7.4/10
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Song of the South (1946)

Approved | | Animation, Comedy, Family | December 1946 (UK)
The kindly story-teller Uncle Remus tells a young boy stories about trickster Br'er Rabbit, who outwits Br'er Fox and slow-witted Br'er Bear.

Writers:

(book), (story) (as Dalton Reymond) | 6 more credits »
Reviews
Won 1 Oscar. Another 1 win & 1 nomination. See more awards »
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Cast

Complete credited cast:
...
...
James Baskett ...
...
Lucile Watson ...
...
Erik Rolf ...
John (as Eric Rolf)
Glenn Leedy ...
Toby
Mary Field ...
Mrs. Favers
Anita Brown ...
Maid
Georgie Nokes ...
Jake Favers (as George Nokes)
Gene Holland ...
Joe Favers
Nick Stewart ...
Br'er Bear (voice) (as Nicodemus Stewart)
Johnny Lee ...
Br'er Rabbit (voice)
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Storyline

Uncle Remus draws upon his tales of Brer Rabbit to help little Johnny deal his confusion over his parents' separation as well as his new life on the plantation. The tales: The Briar Patch, The Tar Baby and Brer Rabbit's Laughing place. Written by Paul Penna <tterrace@wco.com>

Plot Summary | Plot Synopsis

Plot Keywords:

rabbit | boy | tar | laughing | briar patch | See All (84) »

Taglines:

The Story of Brer Rabbit, Brer Bear & Brer Fox. See more »


Certificate:

Approved | See all certifications »

Parents Guide:

 »
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Details

Country:

Language:

Release Date:

December 1946 (UK)  »

Also Known As:

Uncle Remus  »

Filming Locations:

 »

Company Credits

Production Co:

 »
Show detailed on  »

Technical Specs

Runtime:

Sound Mix:

(RCA Sound System)

Color:

(Technicolor)

Aspect Ratio:

1.37 : 1
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Did You Know?

Trivia

Although he was occasionally criticized for accepting such a "demeaning" role, James Baskett's performance as Uncle Remus was almost universally praised by critics and audiences alike. Columnist Hedda Hopper was one of the many journalists and supporters who declared that Baskett should not only have been nominated for the Academy Award for Best Actor at the 11th Academy Awards ceremony in 1948, but also to win it. See more »

Goofs

Before Uncle Remus tells the story about the Laughing Place, the mud on Ginny's dress disappears and reappears between shots. See more »

Quotes

[first lines]
Uncle Remus: There's other ways of learning about the behind feet of a mule than getting kicked by them, sure as I'm named Remus. And just because these here tales is about critters like Br'er Rabbit an' Br'er Fox, that don't mean they ain't the same like can happen to folks! So them who can't learn from a tale about critters, just ain't got the ears tuned for listening.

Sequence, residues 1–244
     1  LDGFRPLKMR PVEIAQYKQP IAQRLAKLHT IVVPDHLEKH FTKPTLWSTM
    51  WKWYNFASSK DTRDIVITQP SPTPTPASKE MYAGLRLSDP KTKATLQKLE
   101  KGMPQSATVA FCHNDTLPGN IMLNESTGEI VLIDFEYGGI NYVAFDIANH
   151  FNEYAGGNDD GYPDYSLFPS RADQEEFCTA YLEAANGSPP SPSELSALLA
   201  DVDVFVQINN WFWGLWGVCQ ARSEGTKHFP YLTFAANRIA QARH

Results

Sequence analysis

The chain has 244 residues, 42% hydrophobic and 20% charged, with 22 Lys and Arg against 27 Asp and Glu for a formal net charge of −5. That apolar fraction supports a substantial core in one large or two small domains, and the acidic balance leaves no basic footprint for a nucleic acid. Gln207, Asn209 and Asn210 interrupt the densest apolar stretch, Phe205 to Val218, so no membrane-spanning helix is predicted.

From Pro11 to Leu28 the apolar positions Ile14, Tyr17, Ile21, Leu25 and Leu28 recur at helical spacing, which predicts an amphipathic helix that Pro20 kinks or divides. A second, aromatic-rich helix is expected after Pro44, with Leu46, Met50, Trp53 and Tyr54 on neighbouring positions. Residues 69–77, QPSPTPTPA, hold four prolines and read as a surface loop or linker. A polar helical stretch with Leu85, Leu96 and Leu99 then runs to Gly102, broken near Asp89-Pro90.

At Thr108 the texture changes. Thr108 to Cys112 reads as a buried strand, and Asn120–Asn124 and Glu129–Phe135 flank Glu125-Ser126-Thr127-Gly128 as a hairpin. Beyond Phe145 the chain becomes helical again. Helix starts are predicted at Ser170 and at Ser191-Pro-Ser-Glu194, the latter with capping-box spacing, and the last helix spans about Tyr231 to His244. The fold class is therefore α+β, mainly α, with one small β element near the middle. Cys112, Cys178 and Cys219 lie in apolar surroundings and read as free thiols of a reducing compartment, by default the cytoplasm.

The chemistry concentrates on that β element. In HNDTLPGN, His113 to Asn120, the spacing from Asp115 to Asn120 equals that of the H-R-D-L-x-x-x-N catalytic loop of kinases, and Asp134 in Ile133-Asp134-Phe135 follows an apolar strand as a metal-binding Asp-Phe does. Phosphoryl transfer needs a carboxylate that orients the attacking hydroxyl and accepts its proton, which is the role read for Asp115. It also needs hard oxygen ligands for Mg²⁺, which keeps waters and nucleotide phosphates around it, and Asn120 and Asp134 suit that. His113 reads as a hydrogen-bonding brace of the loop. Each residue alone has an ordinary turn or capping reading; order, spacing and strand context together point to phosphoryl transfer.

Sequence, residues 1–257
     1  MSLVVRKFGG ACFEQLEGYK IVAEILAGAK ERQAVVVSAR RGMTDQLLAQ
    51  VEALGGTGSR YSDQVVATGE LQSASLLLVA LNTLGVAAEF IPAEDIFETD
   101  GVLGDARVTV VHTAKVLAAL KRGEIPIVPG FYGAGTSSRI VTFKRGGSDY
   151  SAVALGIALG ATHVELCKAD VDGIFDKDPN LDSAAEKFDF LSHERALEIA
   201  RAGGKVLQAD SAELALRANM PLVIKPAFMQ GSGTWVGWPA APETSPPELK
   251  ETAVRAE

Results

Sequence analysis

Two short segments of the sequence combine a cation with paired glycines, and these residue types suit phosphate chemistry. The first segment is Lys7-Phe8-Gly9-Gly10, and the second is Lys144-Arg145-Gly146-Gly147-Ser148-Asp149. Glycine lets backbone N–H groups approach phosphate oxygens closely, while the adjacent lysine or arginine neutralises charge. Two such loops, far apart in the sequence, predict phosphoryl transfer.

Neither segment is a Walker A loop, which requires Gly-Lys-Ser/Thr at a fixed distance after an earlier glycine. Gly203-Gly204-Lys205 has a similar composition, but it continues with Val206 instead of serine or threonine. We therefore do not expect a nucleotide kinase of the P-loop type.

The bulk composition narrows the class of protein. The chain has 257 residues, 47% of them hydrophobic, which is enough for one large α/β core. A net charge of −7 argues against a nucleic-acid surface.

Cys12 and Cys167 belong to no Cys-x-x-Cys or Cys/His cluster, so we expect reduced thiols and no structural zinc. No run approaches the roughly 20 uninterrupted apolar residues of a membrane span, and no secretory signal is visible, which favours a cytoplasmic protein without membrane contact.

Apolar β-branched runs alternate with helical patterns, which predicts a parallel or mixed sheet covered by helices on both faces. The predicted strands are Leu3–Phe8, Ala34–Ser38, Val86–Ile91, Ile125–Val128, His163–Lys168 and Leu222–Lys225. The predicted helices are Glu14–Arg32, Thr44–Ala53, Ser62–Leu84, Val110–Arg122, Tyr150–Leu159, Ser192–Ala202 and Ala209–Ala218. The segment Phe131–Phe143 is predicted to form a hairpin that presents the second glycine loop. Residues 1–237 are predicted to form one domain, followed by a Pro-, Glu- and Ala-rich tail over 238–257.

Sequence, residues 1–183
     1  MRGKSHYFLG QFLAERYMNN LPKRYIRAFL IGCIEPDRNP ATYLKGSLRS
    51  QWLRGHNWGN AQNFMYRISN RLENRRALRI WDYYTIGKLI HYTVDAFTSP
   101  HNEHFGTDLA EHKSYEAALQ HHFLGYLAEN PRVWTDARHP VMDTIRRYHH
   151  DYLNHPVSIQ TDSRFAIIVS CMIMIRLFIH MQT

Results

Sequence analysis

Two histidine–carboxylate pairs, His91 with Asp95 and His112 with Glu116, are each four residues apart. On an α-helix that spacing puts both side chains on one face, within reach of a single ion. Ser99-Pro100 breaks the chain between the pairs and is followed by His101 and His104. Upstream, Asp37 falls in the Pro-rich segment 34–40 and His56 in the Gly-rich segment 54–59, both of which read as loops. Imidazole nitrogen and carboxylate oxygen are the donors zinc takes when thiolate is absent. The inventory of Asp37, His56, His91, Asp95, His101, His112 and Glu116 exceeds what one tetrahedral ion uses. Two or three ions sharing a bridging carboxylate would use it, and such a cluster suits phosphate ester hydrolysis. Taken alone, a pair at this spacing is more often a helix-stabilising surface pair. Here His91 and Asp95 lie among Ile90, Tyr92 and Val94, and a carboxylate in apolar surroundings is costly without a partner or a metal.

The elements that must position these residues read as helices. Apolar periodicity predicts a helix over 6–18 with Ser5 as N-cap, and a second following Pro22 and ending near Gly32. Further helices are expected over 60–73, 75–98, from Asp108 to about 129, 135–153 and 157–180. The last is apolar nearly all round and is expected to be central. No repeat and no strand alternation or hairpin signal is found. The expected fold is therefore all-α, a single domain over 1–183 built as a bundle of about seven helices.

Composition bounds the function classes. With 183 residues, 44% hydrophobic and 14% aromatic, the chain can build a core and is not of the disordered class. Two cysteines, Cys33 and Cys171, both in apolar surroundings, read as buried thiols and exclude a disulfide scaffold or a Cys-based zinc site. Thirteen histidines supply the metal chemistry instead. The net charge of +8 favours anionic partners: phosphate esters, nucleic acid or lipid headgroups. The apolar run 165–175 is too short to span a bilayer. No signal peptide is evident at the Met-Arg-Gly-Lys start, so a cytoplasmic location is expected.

See more »

Connections

Referenced in Finding Nemo (2003) See more »

Soundtracks

All I Want
(uncredited)
Written by Ken Darby
Performed by the Hall Johnson Choir
See more »

Frequently Asked Questions

See more (Spoiler Alert!) »

User Reviews

 
Wow, what a shame. One of Disney's BEST films. Period.
20 August 2004 | by (Raleigh, NC) – See all my reviews

I recently viewed 'Song of the South' after not having seen it for at least 15 years if not longer. The last time that I had seen this wonderful family film was when I was around nine years old during one of its several theatrical re-issues in the early 1980's.

OK, some say that this film is politically incorrect. No, it isn't. Let me explain and let's look at the positive messages before jumping to conclusions please: This film is not ABOUT SLAVERY. It is a film that has slavery in it, yes, but it is not the subject of the film. The subject of the film is the friendship between an elderly kind man (he's a African-American!!!!) and a nice little boy (he's Caucasian!) This little boy looks up to Uncle Remus as if Remus is god-like. For a 1946 film to treat a subject in this way is commendable. Tell you what if you want to get angry at a film try a myriad of other 1940's films and see the negative portrayals of black actors in them; you'll find none of that here. At all. My opinion and quite frankly a truthful one. Now, enough with the 2004 cynical comments and on with the show.

I will say this right now: It is deplorable that Disney has not released this film when movies like 'Gone With The Wind' and 'The Charlie Chan Collection' are being released by major studios with disclaimers, etc. dealing with the views of some political groups who get their shorts in an uproar over the most benign issues and should focus their powers elsewhere and leave a beloved family film with a great message alone.

This film has several genuinely touching moments that culminate in the innovative technique of combing animation (the amazing 'Brer Rabbit sequences) with live-action actors. Disney was the George Lucas of his day and he has managed to do what some have thought lacking in the recent Star Wars films; connect to an audience with animated characters! There's heart and soul in this film.

Bottom line--Disney, a good company, is depriving itself of a goldmine because people are still paying to get copies of this film from outside resources and would gladly plunk down hard-earned ca$h for an anniversary edition, with as many disclaimers as Disney would like to stamp on it, make it a net-exclusive or something...it's depressing to think that this will never be released on video here in the United States. Really, what is the worse that would happen? There'd be a minor stink and then guess what? I'd have 'Song of The South' on my DVD shelf along with other lovers of great films and we'd all move on to the next thing and have a zip-a-dee-doo-dah Day!


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